Evidence that color contrast effects have a probabilistic foundation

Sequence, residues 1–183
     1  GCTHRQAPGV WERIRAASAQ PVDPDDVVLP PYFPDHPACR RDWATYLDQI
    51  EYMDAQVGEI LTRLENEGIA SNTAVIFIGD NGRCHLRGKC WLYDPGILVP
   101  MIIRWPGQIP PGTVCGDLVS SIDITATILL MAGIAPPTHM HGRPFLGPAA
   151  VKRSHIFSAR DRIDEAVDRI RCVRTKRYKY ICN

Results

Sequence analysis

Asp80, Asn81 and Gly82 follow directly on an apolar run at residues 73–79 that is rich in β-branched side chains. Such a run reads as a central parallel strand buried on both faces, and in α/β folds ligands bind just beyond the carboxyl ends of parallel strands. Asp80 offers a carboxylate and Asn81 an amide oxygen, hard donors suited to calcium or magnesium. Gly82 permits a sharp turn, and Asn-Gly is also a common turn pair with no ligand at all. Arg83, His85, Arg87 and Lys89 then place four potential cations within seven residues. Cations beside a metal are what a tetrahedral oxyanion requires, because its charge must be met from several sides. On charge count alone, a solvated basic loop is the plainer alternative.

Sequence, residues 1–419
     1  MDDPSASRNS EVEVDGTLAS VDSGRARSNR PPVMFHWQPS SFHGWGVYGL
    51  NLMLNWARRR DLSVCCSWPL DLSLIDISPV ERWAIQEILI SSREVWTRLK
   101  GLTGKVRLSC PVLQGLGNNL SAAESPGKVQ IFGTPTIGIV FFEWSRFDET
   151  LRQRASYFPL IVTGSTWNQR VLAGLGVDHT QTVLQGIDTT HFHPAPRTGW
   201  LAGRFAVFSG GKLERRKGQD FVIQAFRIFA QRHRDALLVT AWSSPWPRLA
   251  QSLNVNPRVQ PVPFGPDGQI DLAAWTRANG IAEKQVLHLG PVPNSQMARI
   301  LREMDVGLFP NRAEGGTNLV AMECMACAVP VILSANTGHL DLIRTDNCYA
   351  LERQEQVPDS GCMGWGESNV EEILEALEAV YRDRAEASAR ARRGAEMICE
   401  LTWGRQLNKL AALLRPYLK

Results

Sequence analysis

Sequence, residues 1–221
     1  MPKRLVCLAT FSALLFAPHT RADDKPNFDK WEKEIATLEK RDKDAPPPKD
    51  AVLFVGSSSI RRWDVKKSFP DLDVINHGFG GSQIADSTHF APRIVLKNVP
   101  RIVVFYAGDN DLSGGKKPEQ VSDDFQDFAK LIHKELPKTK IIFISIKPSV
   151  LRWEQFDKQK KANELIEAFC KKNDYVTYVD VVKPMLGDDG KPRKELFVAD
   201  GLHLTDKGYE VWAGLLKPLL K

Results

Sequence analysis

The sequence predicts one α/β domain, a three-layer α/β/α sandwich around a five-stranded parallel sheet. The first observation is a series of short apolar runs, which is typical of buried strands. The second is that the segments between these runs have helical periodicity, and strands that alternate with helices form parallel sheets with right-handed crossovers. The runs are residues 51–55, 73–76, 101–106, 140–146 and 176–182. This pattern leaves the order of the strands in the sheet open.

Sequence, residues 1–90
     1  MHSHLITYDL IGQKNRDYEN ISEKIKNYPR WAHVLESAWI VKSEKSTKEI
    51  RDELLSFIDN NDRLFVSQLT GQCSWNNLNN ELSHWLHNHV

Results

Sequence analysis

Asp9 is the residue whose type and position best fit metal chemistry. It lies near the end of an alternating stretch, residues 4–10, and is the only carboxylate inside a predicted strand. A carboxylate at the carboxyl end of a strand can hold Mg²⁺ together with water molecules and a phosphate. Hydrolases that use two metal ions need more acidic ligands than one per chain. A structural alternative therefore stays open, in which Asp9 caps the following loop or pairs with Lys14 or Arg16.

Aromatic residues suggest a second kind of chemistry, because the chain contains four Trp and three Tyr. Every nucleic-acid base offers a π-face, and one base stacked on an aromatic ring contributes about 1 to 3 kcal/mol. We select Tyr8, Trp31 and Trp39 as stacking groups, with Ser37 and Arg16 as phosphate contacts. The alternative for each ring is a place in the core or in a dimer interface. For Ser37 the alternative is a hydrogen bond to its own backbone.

Surfaces returning identical light spectra to the eye can elicit different color percepts when embedded in spectrally different surrounds. Although various theories have been put forward to rationalize these color contrast effects, there is no consensus about their basis. Here we tested the hypothesis that color contrast is generated by the probability distribution of the possible physical sources of spectral stimuli (see Lotto and Purves, PNAS 97:12834, 2001). The analysis used a database of 41 natural scenes in which the radiance spectrum of each point (i.e., the projected light spectrum for each pixel in the images) was known. The relevant reflectance spectra for corresponding points were computed by removing the influence of both the illuminant and scene geometry from the radiance spectrum. The illumination spectra for each pixel (which include the influence of both the illuminant and scene geometry) were then determined by dividing the radiance spectrum by reflectance spectrum. To facilitate the statistical analysis, the radiance spectrum on each pixel was converted into RGB tristimulus values. Each image in the database was sampled repeatedly with a center/surround template, and the probability distributions of the possible combinations of reflectance and illumination spectra that could have generated the relevant RGB values were determined. The probability distributions of the reflectance and illumination spectra of the central target varied as a function of the RGB values of the surround, indicating that the typical physical sources of target spectra differ when they are embedded in spectrally different surrounds. The color percepts predicted by these distributions were in good agreement with the percepts elicited by color contrast stimuli. This evidence supports the conclusion that color contrast effects are determined by the probabilistic relationship between ambiguous spectral stimuli and the distribution of their possible sources.
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